Despite the positive market developments in recent years, investor euphoria continues to remain in check. The average asset allocation in all three countries examined has not changed significantly compared to the study conducted two years ago. The cash allocation of Swiss respondents remains unchanged at 32 percent, equity allocation rose only 2 percent to 46 percent, and bond allocation declined slightly (from 11 to 6 percent). Other asset classes such as derivatives, commodities and alternative investments are still not widely held. Of note is the investors’ overall strong home market orientation. For example, for the Swiss respondents, 67 percent of equities (74 percent in 2012) are stocks of domestic companies – the level of risk associated with these by the study participants is systematically categorized as being lower than for foreign equities. Just like the continued lack of diversification across various asset classes, the geographic spread in investment portfolios is also extremely low. The respondents are largely satisfied with the returns achieved last year. The Swiss respondents generated average returns of 11.7 percent, and 76 percent thereof are satisfied with this result. The German respondents achieved returns of 6.3 percent, and 75 percent thereof were happy with this. In contrast, only 49 percent of Austrians were satisfied with their returns, which averaged 8.8 percent.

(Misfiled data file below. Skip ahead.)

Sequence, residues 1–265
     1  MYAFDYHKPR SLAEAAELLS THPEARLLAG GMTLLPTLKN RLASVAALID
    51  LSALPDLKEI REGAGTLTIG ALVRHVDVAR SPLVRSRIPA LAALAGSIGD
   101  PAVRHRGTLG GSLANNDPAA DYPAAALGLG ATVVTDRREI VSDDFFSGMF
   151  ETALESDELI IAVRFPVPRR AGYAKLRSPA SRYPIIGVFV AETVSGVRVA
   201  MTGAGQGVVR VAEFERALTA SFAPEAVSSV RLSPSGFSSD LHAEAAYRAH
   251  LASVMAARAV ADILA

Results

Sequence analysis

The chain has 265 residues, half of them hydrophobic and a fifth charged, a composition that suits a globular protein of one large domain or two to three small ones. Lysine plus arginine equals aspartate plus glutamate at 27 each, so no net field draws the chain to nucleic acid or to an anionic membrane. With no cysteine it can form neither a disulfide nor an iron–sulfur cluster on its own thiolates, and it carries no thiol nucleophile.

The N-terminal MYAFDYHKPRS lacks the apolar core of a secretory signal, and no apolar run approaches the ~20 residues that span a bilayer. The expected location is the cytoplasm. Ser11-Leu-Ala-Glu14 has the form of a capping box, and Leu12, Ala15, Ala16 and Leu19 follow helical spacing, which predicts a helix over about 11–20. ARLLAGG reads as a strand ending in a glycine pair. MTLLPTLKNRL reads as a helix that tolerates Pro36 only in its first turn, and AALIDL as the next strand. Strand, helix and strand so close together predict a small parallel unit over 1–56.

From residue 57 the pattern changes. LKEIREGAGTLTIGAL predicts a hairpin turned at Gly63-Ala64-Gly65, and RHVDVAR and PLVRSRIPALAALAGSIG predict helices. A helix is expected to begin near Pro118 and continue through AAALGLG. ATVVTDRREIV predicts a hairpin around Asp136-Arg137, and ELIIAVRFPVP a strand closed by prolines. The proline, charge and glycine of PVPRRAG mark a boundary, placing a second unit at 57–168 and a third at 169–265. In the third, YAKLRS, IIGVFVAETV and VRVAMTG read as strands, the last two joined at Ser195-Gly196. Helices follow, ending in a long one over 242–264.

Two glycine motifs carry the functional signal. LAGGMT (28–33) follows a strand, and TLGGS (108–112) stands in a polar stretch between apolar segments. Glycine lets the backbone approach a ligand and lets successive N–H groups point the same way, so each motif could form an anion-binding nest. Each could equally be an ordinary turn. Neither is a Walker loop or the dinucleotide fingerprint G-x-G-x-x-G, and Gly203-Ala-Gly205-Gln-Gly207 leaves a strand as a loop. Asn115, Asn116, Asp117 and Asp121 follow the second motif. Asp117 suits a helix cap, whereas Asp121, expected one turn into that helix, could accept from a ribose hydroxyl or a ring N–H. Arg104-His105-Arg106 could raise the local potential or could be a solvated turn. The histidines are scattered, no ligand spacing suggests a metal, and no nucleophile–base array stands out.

Swiss banks do a good job
The satisfaction levels for banks and relationship managers were also high in this year’s study. 82 percent of Swiss respondents are satisfied or very satisfied with their bank, while 71 percent are satisfied or very satisfied with their relationship manager. 67 percent are even enthusiastic about their bank. The recommendation rate is also favorable. 51 percent of the Swiss survey participants actively recommended their bank to others last year – that is more than in Germany and Austria (43 percent for each country).